Making the Most of Moisture in Somalia

On the shimmering, cracked clay plains of Somalia, careful water management means survival. Only with indigenous water-conserving practices can crops be grown. Even with this knowledge, agricultural potential is limited.

In Somalia more than half the sorghum is produced in one small region, the southern Bay Region, an area that comprises less than seven percent of the country. Two moisture-conserving practices are used there: earthen bunds, and intercropping of sorghum with cowpeas. A study by the Bay Region Agricultural Development Project compared these two traditional methods with two nontraditional methods-the incorporation of crop residues, and the use of a clean fallow-to determine their moisture-conserving potential and their effects on subsequent crop yields.

Agriculture in the Bay Region is mostly rainfed. There is no primary tillage, and crop stubble is grazed after harvest. The use of manure is rare, and exhausted fields are left fallow. The study began in 1986 and lasted three years. The soils are Vertisols: alkaline, calcerous, cracking clays, low in available phosphorus. Rainfall is bimodal. The first rains are in April-May, and the second, less dependable rains are in October-November.


Bunding trials consisted of two treatments, bunded and unbunded sorghum. The treatments were 20 x 20 m, with 16 bunded squares that were 5 x 5 m each. The unbunded plots were of similar dimensions. Diammonium phosphate fertilizer was broadcast (250 kg/ha) before planting. Soil samples were taken fortnightly to determine soil moisture. After harvest in August, head and seed yields from four central plots were analyzed for moisture content.

After a low rainfall season, the bunded trials produced higher yields even though the moisture content was only slightly higher than in the unbunded trial.


On-farm intercropping trials in 12 sites compared traditional sorghum/cowpea interplanting ratios and spacial arrangements with an increased cowpea component. Three of the four subtreatments were reported. The treatments were: sorghum monocropped, sorghum and cowpeas intercropped at the traditional density (4,000 plants/ha), and an intercrop with a high cowpea density (17,000 plants/ha). Seed yields were analyzed for moisture content.

The 12 on-farm sites showed a yield decrease in sorghum when intercropped with the higher density cowpeas. The traditional intercrop showed no significant decrease compared with monocropped sorghum. Random and row spacial arrangements showed no significant difference.

Cowpea yields were three times greater at the higher density (90 kg/ha) than at the lower (34 kg/ha). More efficient land use would be achieved by intercropping at the higher density than by monocropping.

Stubble Incorporation

A stubble incorporation trial consisted of four treatments: stubble incorporation followed by either sorghum or mungbean, or stubble removal followed by the same. About 2 1/2 weeks after the sorghum was harvested, local varieties of sorghum and mungbean were sown. After harvesting, soil moisture content was measured.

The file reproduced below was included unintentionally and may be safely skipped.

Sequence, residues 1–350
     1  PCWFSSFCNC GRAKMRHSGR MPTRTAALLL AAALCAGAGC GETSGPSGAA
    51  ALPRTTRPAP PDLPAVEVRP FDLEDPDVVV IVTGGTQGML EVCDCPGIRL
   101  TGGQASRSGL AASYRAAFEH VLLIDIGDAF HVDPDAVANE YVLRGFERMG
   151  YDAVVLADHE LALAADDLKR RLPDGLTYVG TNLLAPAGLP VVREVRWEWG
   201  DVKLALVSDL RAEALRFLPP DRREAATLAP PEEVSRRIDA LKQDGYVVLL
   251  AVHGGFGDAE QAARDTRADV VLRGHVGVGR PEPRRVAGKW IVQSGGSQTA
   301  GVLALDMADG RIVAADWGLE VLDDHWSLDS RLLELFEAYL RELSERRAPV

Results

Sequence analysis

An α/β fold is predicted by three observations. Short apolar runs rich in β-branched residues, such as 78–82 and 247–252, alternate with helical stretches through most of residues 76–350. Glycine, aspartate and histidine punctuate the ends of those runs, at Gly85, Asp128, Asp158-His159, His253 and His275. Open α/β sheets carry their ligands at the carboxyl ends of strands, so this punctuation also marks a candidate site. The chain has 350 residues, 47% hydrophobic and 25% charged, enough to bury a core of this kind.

Stubble incorporation significantly enhanced sorghum and mungbean production in subsequent crops. Sorghum grain was 150 kg/ha higher, and 800 more kg/ha dry stover was produced than in fields where stubble was removed. The mungbean fields had more moisture in the top levels of the soil than did the sorghum. However, annual rainfall was below average during this trial. With average rainfall, production might be reduced because stubble incorporation reduces the amount of available nitrogen.

Clean Fallowing

Weed-free fallow trials were executed at two sites. Three treatments were done at both sites: clean fallow, and two treatments planted with cultivars of sorghum (cv. "local" and cv. "dabar"). Plots were 130 x 30 m, and were maintained with herbicide, as well as animal or tractor cultivation. After harvest soil moisture content was determined. In March, plots were planted with local cultivars of sorghum or peanuts. In July, a 3x3 m quadrant from each plot was analyzed.

Fallowed crops stored significantly more moisture than cropped plots. The sorghum showed no response to the fallowing, but peanut yields were significantly increased. This was reflected in both seed and stover yield.

Fallowing and stubble incorporation are not traditional practices in the Bay Region. In this study the value of fallowing and stubble incorporation was conceptual, not intended to be transfered to the farmer. Both methods forgo immediate gains for longer term benefits. To the farmer this means a degree of risk, risk that the subsistence farmer is wary of.

Two proposed systems to combine the benefits of clean fallowing and stubble incorporation, without the risk to the farmer are: relay cropping with a perennial legume such as the pigeon pea (Cajanus cajan), and planting pigeon peas along bund walls. Pigeon peas could conserve moisture without competing with the staple crop. Any new system must also increase the availability of crop nutrients.

Eagleton, E.G., A.A. Mohamed, A.A. Odowa, and H.A. Muse. (1991). A comparison of moisture-conserving practices for the traditional sorghum-based cropping system of the Bay Region, in Somalia. Agriculture, Ecosystems, and Environment, 36, 87-89.